Legislative Update - February 27, 200927-Feb-2009
Friday, February 27th, 2009
This Friday marks the half waypoint of the 2009 legislative session. Over the past six weeks I have been inspired by the continued support and feedback I have received from my constituents. Recently I have gotten many responses to the Harford County Tax Credit for Seniors Bill and I am excited to tell you I have submitted the same bill for Cecil County. This week I have also been revisiting some of the ongoing issues concerning veteran’s health.
Tax Credit for Cecil County
I received many positive responses regarding the Harford County Tax Credit for Seniors, and as a result I have introduced an identical bill for Cecil County. Like the Harford County Tax Credit for Seniors Bill, this tax credit bill is enabling legislation that gives the Cecil County Government the option to provide a tax credit to eligible seniors who are a least 65 years old, living on a limited income and have owned their home for at least five years in Cecil County. The bill provides that the local government can determine any other eligibility requirements as well as the amount and duration of the credit.
While Harford and Cecil counties have passed some legislation regarding property tax credits, I am in the process of determining how effective and well funded those efforts have been. I am working with representatives from Harford and Cecil Counties to craft the best solution to help our seniors stay in their homes.Veteran’s Health Issues
As many of you know I have been working the past several years as an advocate for veteran’s issues. A particular issue we have been working on regards Veteran’s Behavioral Health and the mental illnesses associated with combat veterans. Last year I had the opportunity to co-sponsor HB 372 the Maryland Veterans Behavioral Health Bill. This bill created a Veterans Behavioral Health Advisory Board that has several important functions. This board will:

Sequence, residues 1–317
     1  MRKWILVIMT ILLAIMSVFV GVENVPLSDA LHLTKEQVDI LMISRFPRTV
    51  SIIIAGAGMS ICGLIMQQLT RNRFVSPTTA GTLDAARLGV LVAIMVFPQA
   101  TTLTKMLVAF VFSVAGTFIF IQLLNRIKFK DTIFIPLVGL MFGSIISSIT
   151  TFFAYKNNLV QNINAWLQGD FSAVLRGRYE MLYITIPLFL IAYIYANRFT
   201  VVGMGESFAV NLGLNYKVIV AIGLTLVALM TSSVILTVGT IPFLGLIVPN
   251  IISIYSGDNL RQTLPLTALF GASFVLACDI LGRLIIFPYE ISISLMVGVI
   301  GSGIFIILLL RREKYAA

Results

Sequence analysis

- Immediately analyze the behavioral health needs of veterans and their families;
- Identify gaps in behavioral health services available to veterans and their families;
- Identify access barriers for veterans and their families in obtaining available health services, particularly in rural areas of the State;
- Facilitate collaboration among organizations and entities, including hospitals, that provide behavioral health services to veterans and their families;
- Make recommendations to improve outreach to veterans and their families in need of behavioral health services;
- Promote federal and State collaboration to maximize funding and access to resources for the behavioral health needs of veterans and their families;
- Make recommendations to build provider capacity and increase provider training to meet the behavioral health needs of veterans and their families;
· Make recommendations to improve the coordination of behavioral health services for veterans and their families; and
· Make recommendations on methods to provide behavioral health services to individuals who are not eligible for benefits from the VA due to a dishonorable discharge or release for a reason relating to substance abuse or mental illness.
The creation of this board was an important step to addressing the unique mental health problems faced by veterans. For the thousands of soldiers flooding the VA, mental illness tops the list of ailments. 45% of VA patients have already been diagnosed with mental health conditions, including a startling 105,000 diagnosed with post-traumatic stress disorder. This data does not include the incalculable number of veterans who need mental health care who have not received a diagnosis or haven’t sought treatment at the VA.
In 2008 at least 128 soldiers took their own lives. It marked the first time the Army rate has exceeded the national suicide rate for the corresponding population group since the Pentagon began systematically tracking suicides nearly 30years ago. This week I had the opportunity to meet with Lieutenant Governor Anthony G. Brown to continue to monitor the state of Veteran’s Behavioral Health Issues. We are awaiting the report from the advisory board to determine what the next most prudent course of action is to best serve the needs of our veterans.
If you have a veteran in your life that is suffering from depression or symptoms of mental illness the Department of Veterans Affairs Veterans Health Administration has founded a national suicide prevention hotline to ensure veterans in emotional crisis have free, 24/7 access to trained counselors. To operate the Veterans Hotline, the VA partnered with the Substance Abuse and Mental Health Services Administration (SAMHSA) and the National Suicide Prevention Lifeline. Veterans can call the Lifeline number, 1-800-273-TALK (8255), and press "1" to be routed to the Veterans Hotline.
Harford and Cecil Counties